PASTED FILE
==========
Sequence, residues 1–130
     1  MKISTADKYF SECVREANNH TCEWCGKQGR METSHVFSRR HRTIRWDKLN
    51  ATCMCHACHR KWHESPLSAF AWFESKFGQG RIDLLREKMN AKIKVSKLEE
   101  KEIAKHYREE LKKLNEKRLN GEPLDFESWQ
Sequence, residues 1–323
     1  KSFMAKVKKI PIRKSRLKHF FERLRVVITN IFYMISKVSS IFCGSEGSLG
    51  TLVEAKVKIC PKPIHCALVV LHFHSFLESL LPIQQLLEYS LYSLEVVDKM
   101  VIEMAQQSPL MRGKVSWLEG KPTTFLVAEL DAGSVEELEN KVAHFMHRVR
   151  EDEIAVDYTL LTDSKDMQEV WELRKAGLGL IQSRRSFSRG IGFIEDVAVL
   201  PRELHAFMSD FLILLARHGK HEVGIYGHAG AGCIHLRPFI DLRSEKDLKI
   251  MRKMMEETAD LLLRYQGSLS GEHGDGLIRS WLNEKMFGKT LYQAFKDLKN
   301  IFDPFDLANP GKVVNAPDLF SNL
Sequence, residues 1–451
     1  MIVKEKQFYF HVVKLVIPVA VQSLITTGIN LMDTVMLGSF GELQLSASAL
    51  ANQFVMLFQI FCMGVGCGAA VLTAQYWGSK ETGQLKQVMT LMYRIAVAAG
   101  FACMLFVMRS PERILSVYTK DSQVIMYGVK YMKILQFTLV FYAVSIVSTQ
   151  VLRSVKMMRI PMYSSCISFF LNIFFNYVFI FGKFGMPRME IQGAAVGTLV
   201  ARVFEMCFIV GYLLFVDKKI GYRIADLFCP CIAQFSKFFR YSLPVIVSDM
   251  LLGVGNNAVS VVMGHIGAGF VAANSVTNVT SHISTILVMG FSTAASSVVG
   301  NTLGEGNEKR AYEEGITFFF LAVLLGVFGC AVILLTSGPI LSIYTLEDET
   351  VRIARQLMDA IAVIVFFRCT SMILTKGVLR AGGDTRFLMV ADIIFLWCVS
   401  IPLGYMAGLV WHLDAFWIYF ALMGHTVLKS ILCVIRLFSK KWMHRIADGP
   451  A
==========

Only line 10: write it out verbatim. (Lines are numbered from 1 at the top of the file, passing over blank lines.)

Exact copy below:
   201  PRELHAFMSD FLILLARHGK HEVGIYGHAG AGCIHLRPFI DLRSEKDLKI